Neurulation is the process whereby the neural plate forms the neural tube. By the end of the third week, the lateral edges of the neural plate become elevated to form neural folds, and the depressed midregion forms the neural groove (Fig. 6.2). Gradually, the neural folds approach each other in the midline, where they fuse (Fig. 6.3A,B). Fusion begins in the cervical region (fifth somite) and proceeds cranially and caudally (Fig. 6.3C,D). As a result, the neural tube is formed. Until fusion is complete, the cephalic and caudal ends of the neural tube communicate with the amniotic cavity by way of the anterior (cranial) and posterior (caudal) neuropores, respectively (Figs. 6.3C,D and 6.4A). Closure of the cranial neuropore occurs at approximately day 25 (18-to 20-somite stage), whereas the posterior neuropore closes at day 28 (25-somite stage) (Fig. 6.4B). Neurulation is then complete, and the central nervous system is represented by a closed tubular structure with a narrow caudal portion, the spinal cord, and a much broader cephalic portion characterized by a number of dilations, the brain vesicles (see Chapter 18).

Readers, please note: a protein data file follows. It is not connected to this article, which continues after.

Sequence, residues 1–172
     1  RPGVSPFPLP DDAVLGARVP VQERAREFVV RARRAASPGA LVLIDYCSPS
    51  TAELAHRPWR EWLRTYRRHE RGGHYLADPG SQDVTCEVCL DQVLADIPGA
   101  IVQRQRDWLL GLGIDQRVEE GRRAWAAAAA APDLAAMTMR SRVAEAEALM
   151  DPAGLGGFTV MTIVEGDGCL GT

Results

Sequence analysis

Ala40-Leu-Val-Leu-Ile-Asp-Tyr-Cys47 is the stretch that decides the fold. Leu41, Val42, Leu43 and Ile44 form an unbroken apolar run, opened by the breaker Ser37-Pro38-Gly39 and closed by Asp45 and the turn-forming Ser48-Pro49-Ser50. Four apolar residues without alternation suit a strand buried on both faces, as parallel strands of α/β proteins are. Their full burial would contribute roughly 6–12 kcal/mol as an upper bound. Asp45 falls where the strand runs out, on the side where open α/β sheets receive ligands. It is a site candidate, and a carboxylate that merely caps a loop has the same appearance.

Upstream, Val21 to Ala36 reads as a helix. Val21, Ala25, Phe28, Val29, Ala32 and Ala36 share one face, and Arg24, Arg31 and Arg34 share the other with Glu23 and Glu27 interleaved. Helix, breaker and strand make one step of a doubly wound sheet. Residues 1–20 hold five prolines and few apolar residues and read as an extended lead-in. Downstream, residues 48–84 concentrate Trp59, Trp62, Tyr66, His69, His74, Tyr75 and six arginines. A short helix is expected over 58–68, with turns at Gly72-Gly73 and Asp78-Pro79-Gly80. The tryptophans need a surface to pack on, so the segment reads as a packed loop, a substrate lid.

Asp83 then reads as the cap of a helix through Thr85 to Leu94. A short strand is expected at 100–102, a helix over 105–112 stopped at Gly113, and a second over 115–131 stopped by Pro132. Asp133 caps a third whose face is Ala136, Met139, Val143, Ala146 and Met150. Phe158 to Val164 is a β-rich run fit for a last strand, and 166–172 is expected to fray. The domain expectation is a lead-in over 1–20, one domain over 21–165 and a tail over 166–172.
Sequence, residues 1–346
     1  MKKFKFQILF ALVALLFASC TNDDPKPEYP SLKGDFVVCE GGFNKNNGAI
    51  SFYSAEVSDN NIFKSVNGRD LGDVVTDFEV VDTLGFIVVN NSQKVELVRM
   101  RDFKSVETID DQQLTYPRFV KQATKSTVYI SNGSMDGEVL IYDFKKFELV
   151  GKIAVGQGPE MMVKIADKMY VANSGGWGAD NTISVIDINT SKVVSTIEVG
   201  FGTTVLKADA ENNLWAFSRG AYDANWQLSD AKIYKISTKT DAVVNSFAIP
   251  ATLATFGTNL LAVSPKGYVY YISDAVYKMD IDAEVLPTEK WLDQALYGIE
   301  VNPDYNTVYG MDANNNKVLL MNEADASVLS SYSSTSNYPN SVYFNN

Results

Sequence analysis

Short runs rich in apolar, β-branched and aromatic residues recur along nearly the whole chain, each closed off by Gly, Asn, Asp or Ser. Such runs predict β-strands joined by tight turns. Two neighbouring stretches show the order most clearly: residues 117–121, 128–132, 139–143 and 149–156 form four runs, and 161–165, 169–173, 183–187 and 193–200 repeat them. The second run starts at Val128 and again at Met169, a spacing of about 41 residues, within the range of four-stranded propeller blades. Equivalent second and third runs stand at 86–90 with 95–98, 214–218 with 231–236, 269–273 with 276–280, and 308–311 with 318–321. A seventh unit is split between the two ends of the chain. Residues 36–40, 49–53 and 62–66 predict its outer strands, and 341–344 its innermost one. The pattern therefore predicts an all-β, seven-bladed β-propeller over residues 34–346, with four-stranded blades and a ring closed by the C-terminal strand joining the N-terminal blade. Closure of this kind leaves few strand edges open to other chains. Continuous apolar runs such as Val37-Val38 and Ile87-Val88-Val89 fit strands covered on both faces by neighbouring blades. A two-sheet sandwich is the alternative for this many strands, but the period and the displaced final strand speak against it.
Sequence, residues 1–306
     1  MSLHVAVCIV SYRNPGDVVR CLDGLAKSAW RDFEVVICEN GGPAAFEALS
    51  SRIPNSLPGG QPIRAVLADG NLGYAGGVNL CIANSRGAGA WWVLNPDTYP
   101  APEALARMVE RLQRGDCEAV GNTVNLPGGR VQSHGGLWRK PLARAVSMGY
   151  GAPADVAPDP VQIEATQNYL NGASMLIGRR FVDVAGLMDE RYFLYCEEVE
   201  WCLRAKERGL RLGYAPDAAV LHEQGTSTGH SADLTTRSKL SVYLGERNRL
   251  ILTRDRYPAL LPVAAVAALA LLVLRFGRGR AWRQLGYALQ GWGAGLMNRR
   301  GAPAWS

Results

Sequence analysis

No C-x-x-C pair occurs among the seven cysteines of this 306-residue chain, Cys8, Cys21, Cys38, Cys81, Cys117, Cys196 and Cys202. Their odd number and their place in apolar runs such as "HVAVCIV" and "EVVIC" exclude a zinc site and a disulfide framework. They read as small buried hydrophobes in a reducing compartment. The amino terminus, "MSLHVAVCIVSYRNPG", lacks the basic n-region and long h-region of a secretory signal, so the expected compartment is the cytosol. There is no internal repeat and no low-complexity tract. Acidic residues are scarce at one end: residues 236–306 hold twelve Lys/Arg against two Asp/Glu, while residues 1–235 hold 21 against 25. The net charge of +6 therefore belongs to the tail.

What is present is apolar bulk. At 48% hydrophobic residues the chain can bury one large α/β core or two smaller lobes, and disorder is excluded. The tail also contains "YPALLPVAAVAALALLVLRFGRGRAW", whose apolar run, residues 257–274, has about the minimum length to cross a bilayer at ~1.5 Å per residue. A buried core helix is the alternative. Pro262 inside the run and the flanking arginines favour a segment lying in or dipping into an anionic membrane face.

Figure 6.3.

Figure 6.3

A. Dorsal view of an embryo at approximately day 22. Seven distinct somites are visible on each side of the neural tube. B. Dorsal view of a human embryo at 21 days. C. Dorsal view of an embryo at approximately day 23. Note the pericardial bulge on each side of the midline in the cephalic part of the embryo. D. Dorsal view of a human embryo at 23 days.

Figure 6.4.

Figure 6.4

A. Lateral view of a 14-somite embryo (approximately 25 days). Note the bulging pericardial area and the first and second pharyngeal arches. B. The left side of a 25-somite embryo approximately 28 days old. The first three pharyngeal arches and lens and otic placodes are visible.

Neural Crest Cells